The idea that she was now in a position to make demands has also been given to explain why her wardrobe in Trip to Mars was not as revealing as in the original film.  (Those who haven't seen Flash Gordon, made in 1936, might be surprised at the overt sexual allure in the brevity of Dale Arden's off-Earth wardrobe and the fact that the temperature of the set must have been cold in a few of her scenes and it was still allowed to see print.)  That's possible, but it's not put forth by Miss Rogers herself.  I've read a couple of interviews with her, conducted in the '80's; though the questions of her hair colour and wardrobe were addressed, she did not state that it was a matter of her own preferences.  In fact, Miss Rogers approached the matter of bleaching her hair and the revealing outfits as two of the many things which were routine for actresses of the day.  This opinion was best illustrated in this exhange during her interview with Jim Sulski for Filmfax magazine:

MR. SULSKI:  How much of yourself did you put into the Dale Arden character?

MISS ROGERS:  As much as the director told me to.

That Filmfax interview also included Miss Rogers' opinion of why Dale Arden's wardrobe was so revealing in the first film---in view of the Motion Picture Production Code, which really began to crack down on films in 1934, after Joseph Breen took over as head of the office---and so modest in the second.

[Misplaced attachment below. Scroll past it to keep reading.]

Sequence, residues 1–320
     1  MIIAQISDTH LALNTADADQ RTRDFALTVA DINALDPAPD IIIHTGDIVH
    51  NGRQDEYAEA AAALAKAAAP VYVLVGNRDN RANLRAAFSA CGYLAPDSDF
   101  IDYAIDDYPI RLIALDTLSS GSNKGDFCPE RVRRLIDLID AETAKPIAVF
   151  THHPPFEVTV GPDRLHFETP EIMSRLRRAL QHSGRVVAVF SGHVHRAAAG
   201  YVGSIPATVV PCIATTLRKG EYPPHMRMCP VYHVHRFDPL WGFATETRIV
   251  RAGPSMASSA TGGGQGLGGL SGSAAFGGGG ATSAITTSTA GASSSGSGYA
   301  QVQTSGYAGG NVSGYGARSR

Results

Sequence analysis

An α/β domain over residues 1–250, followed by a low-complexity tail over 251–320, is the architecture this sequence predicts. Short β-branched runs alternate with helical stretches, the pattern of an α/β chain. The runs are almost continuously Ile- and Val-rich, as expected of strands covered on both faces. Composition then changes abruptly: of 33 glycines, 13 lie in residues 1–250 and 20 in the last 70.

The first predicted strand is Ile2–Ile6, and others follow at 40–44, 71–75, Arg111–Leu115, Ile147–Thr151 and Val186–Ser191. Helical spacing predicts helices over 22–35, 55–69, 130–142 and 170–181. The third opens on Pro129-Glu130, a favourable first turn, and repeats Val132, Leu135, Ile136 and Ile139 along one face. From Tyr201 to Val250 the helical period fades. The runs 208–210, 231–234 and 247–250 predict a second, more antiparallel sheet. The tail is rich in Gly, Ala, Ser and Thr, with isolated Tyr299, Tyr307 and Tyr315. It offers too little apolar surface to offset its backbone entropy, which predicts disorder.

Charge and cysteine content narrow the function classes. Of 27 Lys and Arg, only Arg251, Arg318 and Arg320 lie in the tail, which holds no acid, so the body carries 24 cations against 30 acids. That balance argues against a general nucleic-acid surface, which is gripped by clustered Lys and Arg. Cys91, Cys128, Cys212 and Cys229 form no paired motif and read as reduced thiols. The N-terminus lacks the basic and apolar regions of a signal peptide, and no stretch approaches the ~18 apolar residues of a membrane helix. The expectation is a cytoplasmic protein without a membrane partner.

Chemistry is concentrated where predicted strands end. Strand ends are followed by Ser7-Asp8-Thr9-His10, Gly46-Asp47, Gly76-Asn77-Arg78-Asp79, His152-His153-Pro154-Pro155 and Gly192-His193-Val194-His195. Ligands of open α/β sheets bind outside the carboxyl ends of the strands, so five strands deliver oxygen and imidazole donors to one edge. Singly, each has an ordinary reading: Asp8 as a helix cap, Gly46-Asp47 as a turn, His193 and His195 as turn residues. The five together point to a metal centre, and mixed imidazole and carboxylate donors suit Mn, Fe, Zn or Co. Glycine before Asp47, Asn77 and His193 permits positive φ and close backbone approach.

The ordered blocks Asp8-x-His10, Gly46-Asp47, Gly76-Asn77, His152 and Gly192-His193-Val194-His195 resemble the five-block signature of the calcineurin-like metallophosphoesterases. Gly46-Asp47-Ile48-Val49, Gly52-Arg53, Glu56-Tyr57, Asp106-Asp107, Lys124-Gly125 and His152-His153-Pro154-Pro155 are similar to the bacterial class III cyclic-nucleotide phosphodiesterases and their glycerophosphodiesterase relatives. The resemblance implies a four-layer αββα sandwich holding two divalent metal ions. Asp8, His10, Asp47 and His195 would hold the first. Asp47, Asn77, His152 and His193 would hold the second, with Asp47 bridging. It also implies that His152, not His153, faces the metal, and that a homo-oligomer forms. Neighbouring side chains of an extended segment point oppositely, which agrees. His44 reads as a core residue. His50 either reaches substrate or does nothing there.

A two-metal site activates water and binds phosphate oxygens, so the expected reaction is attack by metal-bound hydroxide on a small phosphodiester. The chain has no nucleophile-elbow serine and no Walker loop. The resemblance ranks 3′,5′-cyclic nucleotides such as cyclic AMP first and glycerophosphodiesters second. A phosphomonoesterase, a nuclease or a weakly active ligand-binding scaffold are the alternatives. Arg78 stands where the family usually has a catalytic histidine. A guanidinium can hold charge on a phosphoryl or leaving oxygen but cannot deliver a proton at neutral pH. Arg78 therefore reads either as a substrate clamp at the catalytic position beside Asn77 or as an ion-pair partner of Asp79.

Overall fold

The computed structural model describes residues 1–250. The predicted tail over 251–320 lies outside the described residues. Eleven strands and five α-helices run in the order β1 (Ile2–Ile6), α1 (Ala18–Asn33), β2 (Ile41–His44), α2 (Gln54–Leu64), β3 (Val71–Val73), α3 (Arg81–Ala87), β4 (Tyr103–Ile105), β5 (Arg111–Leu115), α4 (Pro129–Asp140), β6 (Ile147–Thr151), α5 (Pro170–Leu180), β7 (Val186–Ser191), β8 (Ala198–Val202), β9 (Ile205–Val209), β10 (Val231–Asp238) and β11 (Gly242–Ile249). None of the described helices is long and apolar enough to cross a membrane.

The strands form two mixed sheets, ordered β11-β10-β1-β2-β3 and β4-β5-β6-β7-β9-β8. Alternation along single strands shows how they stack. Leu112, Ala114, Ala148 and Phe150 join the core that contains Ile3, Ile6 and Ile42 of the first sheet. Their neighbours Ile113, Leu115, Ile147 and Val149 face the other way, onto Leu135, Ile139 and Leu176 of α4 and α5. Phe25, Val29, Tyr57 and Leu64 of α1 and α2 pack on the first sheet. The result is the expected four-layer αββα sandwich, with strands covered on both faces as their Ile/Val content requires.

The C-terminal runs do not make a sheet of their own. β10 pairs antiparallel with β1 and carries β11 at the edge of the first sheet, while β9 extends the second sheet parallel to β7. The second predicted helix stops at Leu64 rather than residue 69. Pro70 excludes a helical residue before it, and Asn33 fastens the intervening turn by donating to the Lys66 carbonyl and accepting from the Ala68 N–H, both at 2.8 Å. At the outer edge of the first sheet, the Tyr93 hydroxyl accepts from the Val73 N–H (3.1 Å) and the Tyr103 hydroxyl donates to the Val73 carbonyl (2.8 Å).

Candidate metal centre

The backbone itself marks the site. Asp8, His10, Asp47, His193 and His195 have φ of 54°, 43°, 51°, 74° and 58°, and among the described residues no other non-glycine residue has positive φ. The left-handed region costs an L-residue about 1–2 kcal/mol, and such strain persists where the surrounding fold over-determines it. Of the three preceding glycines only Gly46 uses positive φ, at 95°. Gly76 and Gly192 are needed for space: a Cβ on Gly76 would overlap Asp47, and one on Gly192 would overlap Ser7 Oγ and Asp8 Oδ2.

"I don't think the Hays Office [a metonym for the Production Code, after its first chief, William Hays] paid much attention to what went on in serials," was her conjecture on how Flash Gordon got away with the suggestive wardroom for both her and Priscilla Lawson ("Princess Aura").  However, she assumed, by 1938 and Trip to Mars, the Production Code was looking at serials, too; thus, Dale was "buttoned up".

Her making demands might be why she wasn't in Conquers the Universe. I know George Lucas was a huge fan of the Flash Gordon and Buck Rogers serials. He might have been thinking of Jean Rogers' outfits in the first serial when he came up with Carrie Fisher's slave girl outfit. Saw them back about third or fourth grade and didn't think anything of her outfits. Perhaps there were also complaints about Flash, Barin, and Thun in the furnace room. I read once Elmo Lincoln got a lot of complaints about not wearing a shirt while playing Tarzan in the silent era. Buster Crabbe's outfit in Tarzan the Fearless was also much briefer than what Johnny Weismuller wore and I've heard people say Crabbe looked vulgar as Tarzan.